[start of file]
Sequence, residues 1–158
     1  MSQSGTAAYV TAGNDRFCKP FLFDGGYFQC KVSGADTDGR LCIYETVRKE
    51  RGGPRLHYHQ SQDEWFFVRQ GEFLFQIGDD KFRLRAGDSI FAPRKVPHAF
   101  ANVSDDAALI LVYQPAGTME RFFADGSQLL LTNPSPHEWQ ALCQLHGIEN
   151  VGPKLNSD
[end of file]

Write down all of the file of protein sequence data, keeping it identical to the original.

Sequence, residues 1–158
     1  MSQSGTAAYV TAGNDRFCKP FLFDGGYFQC KVSGADTDGR LCIYETVRKE
    51  RGGPRLHYHQ SQDEWFFVRQ GEFLFQIGDD KFRLRAGDSI FAPRKVPHAF
   101  ANVSDDAALI LVYQPAGTME RFFADGSQLL LTNPSPHEWQ ALCQLHGIEN
   151  VGPKLNSD